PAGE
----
One of the first steps in managing the risk of bribery is for a company to implement a robust anti-bribery policy through training and disciplinary procedures. A clear and consistent message from the top is the essential core of successful anti-corruption policy, backed up by a robust internal audit programme. Recent enforcement action against UK companies has demonstrated that companies need to look beyond written corporate policy, to ensure effective implementation and monitoring.
There are a number of business guides for designing and implementing an anti-corruption policy, such as Transparency International's Business Principles(2) and the International Chamber of Commerce's Rules of Conduct(3). A number of industry sectors have also developed sector specific guides, specialist codes of practice and transparent procurement agreements(4).
UK exporters and investors should also ensure that their management control systems meet international standards for anti-corruption. The Government encourages UK businesses to follow the voluntary OECD Guidelines for Multinational Enterprises(5), which includes specific anti-corruption guidelines. Companies should also consider additional due diligence when engaging foreign agents or operating in weak governance zones(6).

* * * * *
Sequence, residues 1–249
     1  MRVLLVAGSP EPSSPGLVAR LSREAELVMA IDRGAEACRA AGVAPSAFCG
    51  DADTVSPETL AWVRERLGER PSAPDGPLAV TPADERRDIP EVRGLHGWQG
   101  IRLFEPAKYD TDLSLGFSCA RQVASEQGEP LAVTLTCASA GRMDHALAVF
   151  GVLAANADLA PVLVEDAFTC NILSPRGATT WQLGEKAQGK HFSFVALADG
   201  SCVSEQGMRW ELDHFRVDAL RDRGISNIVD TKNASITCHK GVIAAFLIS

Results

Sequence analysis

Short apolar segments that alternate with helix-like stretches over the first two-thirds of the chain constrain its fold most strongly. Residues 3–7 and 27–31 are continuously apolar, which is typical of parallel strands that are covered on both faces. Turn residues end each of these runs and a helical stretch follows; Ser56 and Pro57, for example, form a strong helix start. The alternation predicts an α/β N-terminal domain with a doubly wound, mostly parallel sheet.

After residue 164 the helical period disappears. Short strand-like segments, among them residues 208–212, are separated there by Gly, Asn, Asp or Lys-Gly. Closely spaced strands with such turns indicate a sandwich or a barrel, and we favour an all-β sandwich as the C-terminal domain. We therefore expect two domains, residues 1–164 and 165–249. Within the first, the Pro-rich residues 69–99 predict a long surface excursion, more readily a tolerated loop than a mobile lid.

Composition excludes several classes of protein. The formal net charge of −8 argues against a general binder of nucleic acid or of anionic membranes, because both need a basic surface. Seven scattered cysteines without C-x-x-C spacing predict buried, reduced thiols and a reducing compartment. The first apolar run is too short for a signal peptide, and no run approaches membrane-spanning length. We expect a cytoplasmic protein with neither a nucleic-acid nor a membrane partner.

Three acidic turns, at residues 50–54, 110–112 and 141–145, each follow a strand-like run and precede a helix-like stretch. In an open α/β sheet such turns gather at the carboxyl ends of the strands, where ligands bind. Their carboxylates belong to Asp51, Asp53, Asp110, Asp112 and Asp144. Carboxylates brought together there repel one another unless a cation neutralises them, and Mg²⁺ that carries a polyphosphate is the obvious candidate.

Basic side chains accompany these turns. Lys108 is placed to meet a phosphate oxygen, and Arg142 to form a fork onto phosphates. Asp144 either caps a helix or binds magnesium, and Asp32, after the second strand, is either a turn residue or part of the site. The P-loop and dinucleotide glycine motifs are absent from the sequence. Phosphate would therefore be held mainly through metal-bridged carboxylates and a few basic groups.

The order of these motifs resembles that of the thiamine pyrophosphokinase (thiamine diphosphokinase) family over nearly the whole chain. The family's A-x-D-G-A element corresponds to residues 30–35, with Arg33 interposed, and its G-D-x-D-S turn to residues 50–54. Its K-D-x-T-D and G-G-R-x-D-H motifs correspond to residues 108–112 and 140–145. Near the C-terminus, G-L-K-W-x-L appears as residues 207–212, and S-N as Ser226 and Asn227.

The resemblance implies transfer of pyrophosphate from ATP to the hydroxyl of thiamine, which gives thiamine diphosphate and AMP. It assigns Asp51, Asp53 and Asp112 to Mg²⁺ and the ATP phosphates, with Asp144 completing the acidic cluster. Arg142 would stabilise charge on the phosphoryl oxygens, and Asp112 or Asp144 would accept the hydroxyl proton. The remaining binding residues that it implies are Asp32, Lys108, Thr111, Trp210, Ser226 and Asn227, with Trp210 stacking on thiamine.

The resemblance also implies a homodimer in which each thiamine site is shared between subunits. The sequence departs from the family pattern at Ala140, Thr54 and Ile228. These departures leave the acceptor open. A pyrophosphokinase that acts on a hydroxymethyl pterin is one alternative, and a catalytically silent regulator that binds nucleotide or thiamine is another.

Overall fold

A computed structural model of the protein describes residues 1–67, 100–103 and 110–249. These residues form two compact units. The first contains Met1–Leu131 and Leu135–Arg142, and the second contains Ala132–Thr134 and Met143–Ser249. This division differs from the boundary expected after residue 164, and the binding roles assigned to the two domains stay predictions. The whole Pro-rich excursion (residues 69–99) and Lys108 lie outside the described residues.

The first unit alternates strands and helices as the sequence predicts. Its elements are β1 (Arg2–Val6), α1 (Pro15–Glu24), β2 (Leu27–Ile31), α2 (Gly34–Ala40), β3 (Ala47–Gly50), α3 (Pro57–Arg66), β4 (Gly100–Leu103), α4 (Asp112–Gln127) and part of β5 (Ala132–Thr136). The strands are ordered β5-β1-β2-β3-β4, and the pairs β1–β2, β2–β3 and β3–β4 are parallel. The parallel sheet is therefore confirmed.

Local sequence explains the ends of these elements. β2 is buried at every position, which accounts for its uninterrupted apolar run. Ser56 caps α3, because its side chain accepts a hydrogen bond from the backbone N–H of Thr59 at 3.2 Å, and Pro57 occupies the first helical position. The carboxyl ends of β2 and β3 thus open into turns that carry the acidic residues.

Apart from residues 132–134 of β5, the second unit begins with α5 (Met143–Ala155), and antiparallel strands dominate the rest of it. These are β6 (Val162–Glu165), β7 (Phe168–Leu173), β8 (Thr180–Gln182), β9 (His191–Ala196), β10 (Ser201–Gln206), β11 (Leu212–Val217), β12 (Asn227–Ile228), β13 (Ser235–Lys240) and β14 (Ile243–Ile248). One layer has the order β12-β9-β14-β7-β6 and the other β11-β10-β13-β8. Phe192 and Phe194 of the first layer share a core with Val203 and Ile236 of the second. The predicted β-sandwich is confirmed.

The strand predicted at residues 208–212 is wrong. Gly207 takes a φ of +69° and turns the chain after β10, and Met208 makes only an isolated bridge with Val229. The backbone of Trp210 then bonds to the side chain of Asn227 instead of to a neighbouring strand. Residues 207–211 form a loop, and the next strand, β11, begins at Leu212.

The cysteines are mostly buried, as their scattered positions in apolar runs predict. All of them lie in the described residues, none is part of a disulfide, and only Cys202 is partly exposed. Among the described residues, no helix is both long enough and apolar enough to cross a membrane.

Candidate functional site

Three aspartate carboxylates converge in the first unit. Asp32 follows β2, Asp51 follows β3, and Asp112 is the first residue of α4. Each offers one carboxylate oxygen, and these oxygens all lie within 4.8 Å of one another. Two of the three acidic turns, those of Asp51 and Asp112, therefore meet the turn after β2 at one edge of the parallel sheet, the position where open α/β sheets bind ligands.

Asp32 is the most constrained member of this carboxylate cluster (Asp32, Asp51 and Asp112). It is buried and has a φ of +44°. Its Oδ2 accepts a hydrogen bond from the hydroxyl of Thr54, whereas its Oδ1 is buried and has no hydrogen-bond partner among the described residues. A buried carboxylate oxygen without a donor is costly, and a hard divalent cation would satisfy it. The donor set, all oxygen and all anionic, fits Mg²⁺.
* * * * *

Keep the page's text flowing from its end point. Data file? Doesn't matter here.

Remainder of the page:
The Government is aware that petty corruption and bribe solicitation remain a problem for UK exporters and overseas investors. The best defence against bribe solicitation and demands for 'facilitation payments' is good preparation and participation in local integrity pacts or other anti-corruption initiatives. There is also a growing body of specialised anti-corruption risk management for these problems, including international initiatives such as RESIST(7) (Resisting Extortion and Solicitation in International Transactions).
Andrew Gwynne: To ask the Secretary of State for Foreign and Commonwealth Affairs (1) how much funding he expects to be allocated to his Department's counter-terrorism and counter-radicalisation programmes in Pakistan in financial year 2010-11; 
Alistair Burt: Due to the sensitive nature of counter-terrorism projects, we cannot provide details of the exact amounts allocated to projects in specific countries under the Counter-Terrorism and Radicalisation Programme.